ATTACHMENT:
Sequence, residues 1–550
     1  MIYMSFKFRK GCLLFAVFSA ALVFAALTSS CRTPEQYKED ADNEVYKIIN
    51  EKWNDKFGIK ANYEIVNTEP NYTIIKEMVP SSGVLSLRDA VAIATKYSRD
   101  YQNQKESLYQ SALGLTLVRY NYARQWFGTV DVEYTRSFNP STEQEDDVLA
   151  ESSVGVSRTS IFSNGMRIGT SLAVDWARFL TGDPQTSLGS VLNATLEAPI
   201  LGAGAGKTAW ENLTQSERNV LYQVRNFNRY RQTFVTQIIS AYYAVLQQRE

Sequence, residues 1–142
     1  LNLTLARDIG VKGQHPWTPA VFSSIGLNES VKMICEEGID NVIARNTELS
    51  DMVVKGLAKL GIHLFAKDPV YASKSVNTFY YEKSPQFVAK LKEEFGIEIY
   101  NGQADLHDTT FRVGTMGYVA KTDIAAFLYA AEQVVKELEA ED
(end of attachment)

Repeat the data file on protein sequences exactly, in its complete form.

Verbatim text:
Sequence, residues 1–550
     1  MIYMSFKFRK GCLLFAVFSA ALVFAALTSS CRTPEQYKED ADNEVYKIIN
    51  EKWNDKFGIK ANYEIVNTEP NYTIIKEMVP SSGVLSLRDA VAIATKYSRD
   101  YQNQKESLYQ SALGLTLVRY NYARQWFGTV DVEYTRSFNP STEQEDDVLA
   151  ESSVGVSRTS IFSNGMRIGT SLAVDWARFL TGDPQTSLGS VLNATLEAPI
   201  LGAGAGKTAW ENLTQSERNV LYQVRNFNRY RQTFVTQIIS AYYAVLQQRE

Sequence, residues 1–142
     1  LNLTLARDIG VKGQHPWTPA VFSSIGLNES VKMICEEGID NVIARNTELS
    51  DMVVKGLAKL GIHLFAKDPV YASKSVNTFY YEKSPQFVAK LKEEFGIEIY
   101  NGQADLHDTT FRVGTMGYVA KTDIAAFLYA AEQVVKELEA ED